By Laura Legere
September 11, 2018 - Pennsylvania public water suppliers could face tens of millions of dollars in plant upgrades and treatment costs because of an obscure water quality rule change that was tucked into a state budget bill at the request of coal companies last year.
The switch will save mine operators and nonprofits that treat drainage from abandoned mines “several millions of dollars,” the Pennsylvania Coal Alliance said.
But some of that treatment burden is now expected to shift to downstream public drinking water suppliers — and, by extension, their customers.
The rider in the omnibus law signed by Gov. Tom Wolf last October directed Pennsylvania environmental regulators to rewrite rules so that the legal limit for manganese no longer has to be met at least 99 percent of the time everywhere in streams, as had been required for decades.
Now, it will have to be met only where drinking water suppliers pull water from rivers.
Coal companies say Pennsylvania’s standards were stricter than neighboring states and required them to perform costly and unnecessary treatment to remove the metal from mine water before discharging it. They argue that marginally higher federal discharge limits for coal mines, combined with dilution, will more than protect drinking water sources that are on average more than 40 miles downstream from their outfalls.
The federal Environmental Protection Agency considers manganese a secondary water contaminant — meaning it is regulated largely for aesthetic reasons.
The mineral occurs naturally in rock and is used in industrial processes like metal manufacturing. Manganese levels above the drinking water standard give water a “black to brown color,” a “bitter metallic taste” and cause “black staining,” the EPA says.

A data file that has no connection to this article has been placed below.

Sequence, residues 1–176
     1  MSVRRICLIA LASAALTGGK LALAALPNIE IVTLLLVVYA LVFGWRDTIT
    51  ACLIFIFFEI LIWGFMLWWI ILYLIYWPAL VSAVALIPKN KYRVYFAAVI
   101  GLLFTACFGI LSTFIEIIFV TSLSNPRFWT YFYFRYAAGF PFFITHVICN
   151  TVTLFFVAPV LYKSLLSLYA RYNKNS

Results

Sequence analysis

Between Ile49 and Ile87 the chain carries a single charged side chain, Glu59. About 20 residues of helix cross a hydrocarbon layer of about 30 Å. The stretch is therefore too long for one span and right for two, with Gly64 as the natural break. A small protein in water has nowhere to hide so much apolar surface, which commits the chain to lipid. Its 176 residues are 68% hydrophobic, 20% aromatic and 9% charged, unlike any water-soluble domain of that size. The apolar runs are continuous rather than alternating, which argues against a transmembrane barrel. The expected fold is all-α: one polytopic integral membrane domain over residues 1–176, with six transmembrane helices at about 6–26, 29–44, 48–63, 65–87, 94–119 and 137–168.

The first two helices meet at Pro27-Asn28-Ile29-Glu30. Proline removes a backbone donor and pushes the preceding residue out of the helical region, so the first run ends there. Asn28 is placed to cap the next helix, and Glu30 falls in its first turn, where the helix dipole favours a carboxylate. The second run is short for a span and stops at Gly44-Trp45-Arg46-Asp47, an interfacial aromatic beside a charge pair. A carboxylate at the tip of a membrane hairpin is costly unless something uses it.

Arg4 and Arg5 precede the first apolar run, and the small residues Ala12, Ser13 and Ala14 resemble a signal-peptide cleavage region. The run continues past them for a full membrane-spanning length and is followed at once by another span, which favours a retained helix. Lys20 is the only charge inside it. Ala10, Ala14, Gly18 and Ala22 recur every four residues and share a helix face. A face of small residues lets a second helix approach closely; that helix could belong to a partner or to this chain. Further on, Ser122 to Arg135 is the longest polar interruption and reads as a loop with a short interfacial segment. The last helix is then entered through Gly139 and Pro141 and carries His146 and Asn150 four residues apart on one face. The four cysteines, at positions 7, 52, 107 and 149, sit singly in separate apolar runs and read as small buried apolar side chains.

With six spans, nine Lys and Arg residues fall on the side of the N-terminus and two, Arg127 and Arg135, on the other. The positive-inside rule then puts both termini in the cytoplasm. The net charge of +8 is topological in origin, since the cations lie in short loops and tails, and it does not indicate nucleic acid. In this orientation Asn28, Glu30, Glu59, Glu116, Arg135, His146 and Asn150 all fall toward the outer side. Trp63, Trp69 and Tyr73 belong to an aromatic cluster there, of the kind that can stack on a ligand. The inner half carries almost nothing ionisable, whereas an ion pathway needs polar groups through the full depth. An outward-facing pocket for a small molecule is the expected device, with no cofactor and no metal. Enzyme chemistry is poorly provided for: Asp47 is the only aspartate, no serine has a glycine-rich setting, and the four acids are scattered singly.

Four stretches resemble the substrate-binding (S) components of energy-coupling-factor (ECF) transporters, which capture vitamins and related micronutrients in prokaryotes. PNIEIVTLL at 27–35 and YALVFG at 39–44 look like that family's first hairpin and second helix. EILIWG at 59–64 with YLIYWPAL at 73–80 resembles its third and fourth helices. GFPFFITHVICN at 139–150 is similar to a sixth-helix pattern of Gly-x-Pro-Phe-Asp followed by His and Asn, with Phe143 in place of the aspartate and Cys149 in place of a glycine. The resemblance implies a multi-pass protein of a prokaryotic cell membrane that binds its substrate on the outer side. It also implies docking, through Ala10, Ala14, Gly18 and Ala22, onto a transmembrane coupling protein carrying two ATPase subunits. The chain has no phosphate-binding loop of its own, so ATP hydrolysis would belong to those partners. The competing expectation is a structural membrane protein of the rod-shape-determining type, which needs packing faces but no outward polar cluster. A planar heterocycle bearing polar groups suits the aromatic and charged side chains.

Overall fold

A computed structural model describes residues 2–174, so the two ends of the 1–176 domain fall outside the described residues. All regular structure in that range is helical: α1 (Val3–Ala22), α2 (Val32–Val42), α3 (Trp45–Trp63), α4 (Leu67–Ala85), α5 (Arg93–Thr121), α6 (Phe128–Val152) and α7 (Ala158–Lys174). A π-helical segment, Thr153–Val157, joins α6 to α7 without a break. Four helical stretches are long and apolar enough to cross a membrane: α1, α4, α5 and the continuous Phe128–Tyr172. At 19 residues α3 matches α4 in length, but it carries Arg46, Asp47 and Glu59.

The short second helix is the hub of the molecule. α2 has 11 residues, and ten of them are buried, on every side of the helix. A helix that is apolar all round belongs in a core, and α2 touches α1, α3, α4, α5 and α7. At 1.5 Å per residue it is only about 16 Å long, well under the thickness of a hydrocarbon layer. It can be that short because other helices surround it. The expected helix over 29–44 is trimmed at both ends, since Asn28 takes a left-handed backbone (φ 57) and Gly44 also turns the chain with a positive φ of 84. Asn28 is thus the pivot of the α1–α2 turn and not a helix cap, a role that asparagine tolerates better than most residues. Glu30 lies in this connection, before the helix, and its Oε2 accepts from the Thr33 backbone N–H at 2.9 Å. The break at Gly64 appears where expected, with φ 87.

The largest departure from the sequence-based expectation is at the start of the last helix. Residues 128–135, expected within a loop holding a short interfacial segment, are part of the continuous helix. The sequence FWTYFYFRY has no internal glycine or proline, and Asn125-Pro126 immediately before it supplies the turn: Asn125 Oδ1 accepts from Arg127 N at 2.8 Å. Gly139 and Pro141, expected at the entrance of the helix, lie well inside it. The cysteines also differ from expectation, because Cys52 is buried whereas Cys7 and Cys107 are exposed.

Yet the federal agency is undertaking an examination of drinking water systems nationwide based on recent studies that indicate elevated levels of the metal may cause neurological harm to infants and children.
Neurological effects stemming from elevated manganese may include “poor school performance, impaired cognitive function, diminished memory, abnormal performance on neuro-behavioral tests, motor impairments, and increased oppositional or aggressive behavior and hyperactivity,” the Pennsylvania Department of Environmental Protection said.
Manganese is costly to remove from water because it is difficult.
Pennsylvania American Water identified at least eight plants at its 66 permitted water supply systems statewide that are likely to face higher manganese levels in raw water because of the law change and would require upgrades to deal with it.
The Hershey-based company that provides water and wastewater services to about 2.4 million people in communities across the commonwealth estimates those one-time upgrades would cost $40 million to $60 million, while its annual chemical and monitoring costs would increase by between $700,000 and $1.4 million.
The Pennsylvania Local Government Conference — made up of the associations that represent the state’s county and municipal officials — said chemical usage alone would add an annual cost of $20,000 at just one municipal water authority operating a small plant that treats a million gallons per day.
Water suppliers may face treatment challenges even in streams that meet the new standard because the allowable level of manganese near river intakes — 1 milligram per liter — is 20 times the amount permitted in finished drinking water — 0.05 milligrams per liter.
Under Pennsylvania regulations, the 0.05 mg/l manganese drinking water standard is an enforceable limit for public water systems.
Coal Mines Aren't Alone
Coal mines aren’t the only ones discharging manganese to Pennsylvania waterways.
Water pollution permits for more than 900 discharge points in Pennsylvania that aren’t associated with coal mines either limit how much manganese can be sent into rivers or require monitoring and reporting of manganese levels at outfalls.
Facilities with significant discharges in the state include coal-fired power plants, metals manufacturers, municipal sewer authorities and chemical companies.
Opponents of the Pennsylvania law change are urging DEP to minimize the damage.
Pennsylvania Public Utility Commissioner Andrew Place said in public comments that the shift is a significant loosening of environmental and health protections that “will disproportionately impact smaller water systems, many of which are already struggling.”